Upon the girl straightening up to her full height, it was evident that she’d been slouching for such a long time that it had become her normal posture. She stepped forward still, air rushing into her lungs with an audible swish. “Someone to listen to me! You know what – I do need someone to listen to me but it isn’t you. What-” Her lips twisted in slight scorn – “I don’t know you, at all, and the only time you noticed is when I showed it. Funny how the people who are supposed to know when you’re feeling awful don’t see shit and those that don’t know you at all are the only ones that notice!”

Taken aback, the other girl shuddered a little. “I only want to help,” she mumbled, glancing fleetingly into the eyes of the taller girl. “Do you want help?”

“Yes, I-” She broke off, blinking. “I’ve needed help for so long but everyone thinks everything is fine. They think that my head’s all put together but I don’t know what to think; I want to scream and inside my mind I’m shouting!” At this, her hands came together in a sharp clap, making the girl in front of her jump. “I’m so fucking twisted and sick with myself that I don’t know how to feel alright anymore and nobody bothers to ask why because they think I have everything under control.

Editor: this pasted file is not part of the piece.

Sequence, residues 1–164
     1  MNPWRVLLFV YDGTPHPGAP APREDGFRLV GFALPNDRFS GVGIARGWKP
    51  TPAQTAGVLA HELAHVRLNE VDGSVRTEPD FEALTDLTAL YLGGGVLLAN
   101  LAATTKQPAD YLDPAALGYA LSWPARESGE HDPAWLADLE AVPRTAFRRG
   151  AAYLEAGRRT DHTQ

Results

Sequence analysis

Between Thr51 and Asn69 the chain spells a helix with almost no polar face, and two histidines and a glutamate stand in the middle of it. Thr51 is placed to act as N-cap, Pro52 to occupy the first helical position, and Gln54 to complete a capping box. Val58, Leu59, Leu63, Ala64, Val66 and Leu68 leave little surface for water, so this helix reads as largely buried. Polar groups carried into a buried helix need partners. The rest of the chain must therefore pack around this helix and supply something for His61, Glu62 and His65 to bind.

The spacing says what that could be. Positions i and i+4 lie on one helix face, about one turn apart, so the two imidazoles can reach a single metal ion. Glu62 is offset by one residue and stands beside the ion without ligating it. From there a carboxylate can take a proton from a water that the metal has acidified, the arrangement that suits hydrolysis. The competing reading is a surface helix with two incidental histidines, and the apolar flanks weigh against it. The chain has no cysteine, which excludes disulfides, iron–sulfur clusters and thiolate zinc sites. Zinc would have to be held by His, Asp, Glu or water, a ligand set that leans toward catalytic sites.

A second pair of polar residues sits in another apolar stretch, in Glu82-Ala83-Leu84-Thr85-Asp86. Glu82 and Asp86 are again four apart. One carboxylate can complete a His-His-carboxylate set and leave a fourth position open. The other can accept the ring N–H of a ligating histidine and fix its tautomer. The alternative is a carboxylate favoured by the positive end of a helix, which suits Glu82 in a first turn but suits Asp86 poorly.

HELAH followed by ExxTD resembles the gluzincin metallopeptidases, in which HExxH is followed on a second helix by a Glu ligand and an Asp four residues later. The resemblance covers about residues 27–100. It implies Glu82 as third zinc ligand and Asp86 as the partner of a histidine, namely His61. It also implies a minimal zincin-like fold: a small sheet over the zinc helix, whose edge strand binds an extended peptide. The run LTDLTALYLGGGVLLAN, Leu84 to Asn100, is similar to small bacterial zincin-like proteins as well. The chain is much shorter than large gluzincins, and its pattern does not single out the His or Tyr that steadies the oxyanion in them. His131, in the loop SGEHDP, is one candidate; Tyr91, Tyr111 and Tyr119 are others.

“People don’t like to see me cry because if I cry – if the so-called perfect, high-achieving girl cries – then they think the world’s over. I don’t want people to take this too seriously – I’m fine most of the time – but I can’t stop this now.”

Nodding, the other girl bit her lip softly. “I’m sorry – people have expectations of you. They – I don’t know – they want you to be someone you’re not.”